AP Sports Writer
COLUMBUS, Ohio (AP) -- Thanks to Carl Hagelin and Cam Talbot, the New York Rangers remain on a tear.
The Columbus Blue Jackets, meanwhile, have reached a tipping point.
Hagelin scored two goals -- one thanks to an opposing player -- and Talbot made 32 saves to lead the Rangers past the Blue Jackets 4-2 on Thursday night.
After Columbus' fifth loss in a row, forward Brandon Dubinsky and coach Todd Richards each said they were humiliated by the team's lack of effort.
"There's really nothing left to say," Dubinsky said. "It's flat-out embarrassing for us, our fans, for the organization. Thank God for (goalie Sergei Bobrovsky). It could have been 10-1 before we had an opportunity to come (out for) the third period."
The Blue Jackets closed last season on a 19-5-5 tear -- the second-best record down the stretch in the entire NHL. But they are 5-10-0 this season and wallowing near the basement of the Eastern Conference in their first year since making the move over from the West.
"That was embarrassing hockey tonight," Richards said. "That's losing hockey, the way we played. We got exactly what we deserved. It could have been 7-1 going into the third period. Our goalie was great. There was not enough battle, not enough compete. Simple as that. Really disappointed in our group."
In the other dressing room, the mood was celebratory. The Rangers have won five of their last six to climb in the standings and get back to 8-8-0 on the season.
"We want to play better than we have," Hagelin said. "We know we should be .500 at least. It's good to be there; now we've just got to start climbing."
Coach Alain Vigneault lauded his team's effort during a busy time.
"For us, it was back-to-back nights, four (games) in six nights, three in four, and the end of a pretty long stretch here where we played nine games in 15 nights," Vigneault said. "We did what we had to do to win the game. We talked about making it a greasy third period. And we did that for the most part."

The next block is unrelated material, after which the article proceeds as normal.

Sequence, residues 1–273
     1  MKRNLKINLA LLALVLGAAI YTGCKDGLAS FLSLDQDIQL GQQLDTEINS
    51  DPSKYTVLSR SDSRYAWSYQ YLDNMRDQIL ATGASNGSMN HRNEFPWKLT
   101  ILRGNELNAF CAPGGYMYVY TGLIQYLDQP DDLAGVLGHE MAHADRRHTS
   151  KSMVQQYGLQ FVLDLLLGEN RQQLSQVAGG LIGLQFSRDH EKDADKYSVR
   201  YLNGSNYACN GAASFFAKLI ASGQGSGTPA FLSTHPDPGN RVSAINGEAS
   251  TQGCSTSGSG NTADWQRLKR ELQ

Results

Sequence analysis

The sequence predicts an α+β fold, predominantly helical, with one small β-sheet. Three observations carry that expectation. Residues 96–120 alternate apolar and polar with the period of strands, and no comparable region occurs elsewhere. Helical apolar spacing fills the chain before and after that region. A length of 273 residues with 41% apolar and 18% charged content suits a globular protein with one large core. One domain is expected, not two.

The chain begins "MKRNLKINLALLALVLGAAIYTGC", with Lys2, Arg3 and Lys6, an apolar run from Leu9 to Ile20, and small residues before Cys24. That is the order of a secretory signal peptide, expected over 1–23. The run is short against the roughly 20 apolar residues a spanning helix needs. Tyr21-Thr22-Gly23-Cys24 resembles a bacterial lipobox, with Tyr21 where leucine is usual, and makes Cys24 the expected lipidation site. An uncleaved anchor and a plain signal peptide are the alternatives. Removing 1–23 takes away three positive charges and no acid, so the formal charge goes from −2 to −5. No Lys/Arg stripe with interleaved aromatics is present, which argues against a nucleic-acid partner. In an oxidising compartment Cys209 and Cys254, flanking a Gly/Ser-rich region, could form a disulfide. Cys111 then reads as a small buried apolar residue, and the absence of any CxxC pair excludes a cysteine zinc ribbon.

Rangers captain Ryan Callahan and defenseman Ryan McDonagh each added a goal and an assist.
There were plenty of familiar faces on both sides -- four players on each team used to play for the other one.
Talbot, giving Henrik Lundqvist a night off, was the third straight backup goalie to face the Blue Jackets. All three have won, combining to give up just three goals.
Talbot made several solid saves in the scoreless third period, stymieing former Ranger Artem Anisimov on a backhander in the crease on a power play in the final minutes.
"He played great again," defenseman Marc Staal said of Talbot. "He made very timely saves when we need them. He's been rock solid since his first start. We have all the confidence in the world in him."
A wild second period saw the Rangers score two of three goals -- one when a Blue Jackets player put the puck in his own net.
At the 4:17 mark, with the Rangers on a power play, McDonagh's hard shot from the point was redirected twice. First it glanced off Mats Zuccarello before it ricocheted into the net off a redirect by Callahan.
New York made it 3-1 at 12:44 on a fluke. Columbus forward Mark Letestu tried to clear the puck from the left corner but instead he lost control of it and pushed it past Bobrovsky from a hard angle. The goal was awarded to Hagelin.
"We came out hard," Hagelin said. "We played OK in the first couple of minutes, then we gave them some chances. In the second, we did a good job. They were in the (penalty) box a lot and our power play is looking pretty good right now."
Ex-Ranger Fedor Tyutin scored his first of the season and rookie Ryan Murray also had a goal for the Blue Jackets, who lost despite several highlight-reel stops among the 30 saves by Bobrovsky.
He stopped Brian Boyle on a breakaway. Then, in the opening 90 seconds of the second period, Bobrovsky made three big saves -- one on Brad Richards, who came in 1-on-1 after a turnover -- and then two against Zuccarello on one rush. Bobrovsky also was sprawled on his stomach when he gloved a backhander by Derek Stepan.
Dubinsky could not shake his anger about the lack of effort.
"We need to take a hard look in the mirror, as an individual and as a team," he said. "Then we need to find a way to correct it. It should be the easiest thing to correct. I mean, really, it's not a systematic thing or a teaching thing. We're all in the NHL now. We should be here because of hard work and effort and second and third effort. So we know how to do it. We just have to go out and do it."